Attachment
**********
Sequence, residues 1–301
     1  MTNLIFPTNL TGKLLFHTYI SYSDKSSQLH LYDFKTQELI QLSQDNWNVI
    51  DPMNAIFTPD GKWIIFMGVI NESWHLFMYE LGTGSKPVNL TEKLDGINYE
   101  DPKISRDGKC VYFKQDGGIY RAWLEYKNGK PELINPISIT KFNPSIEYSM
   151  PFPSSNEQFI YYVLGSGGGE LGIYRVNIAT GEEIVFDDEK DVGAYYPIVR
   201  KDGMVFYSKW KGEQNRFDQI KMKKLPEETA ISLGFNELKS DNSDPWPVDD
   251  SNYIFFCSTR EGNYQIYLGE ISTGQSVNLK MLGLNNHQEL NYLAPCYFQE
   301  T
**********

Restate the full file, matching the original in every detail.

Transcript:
Sequence, residues 1–301
     1  MTNLIFPTNL TGKLLFHTYI SYSDKSSQLH LYDFKTQELI QLSQDNWNVI
    51  DPMNAIFTPD GKWIIFMGVI NESWHLFMYE LGTGSKPVNL TEKLDGINYE
   101  DPKISRDGKC VYFKQDGGIY RAWLEYKNGK PELINPISIT KFNPSIEYSM
   151  PFPSSNEQFI YYVLGSGGGE LGIYRVNIAT GEEIVFDDEK DVGAYYPIVR
   201  KDGMVFYSKW KGEQNRFDQI KMKKLPEETA ISLGFNELKS DNSDPWPVDD
   251  SNYIFFCSTR EGNYQIYLGE ISTGQSVNLK MLGLNNHQEL NYLAPCYFQE
   301  T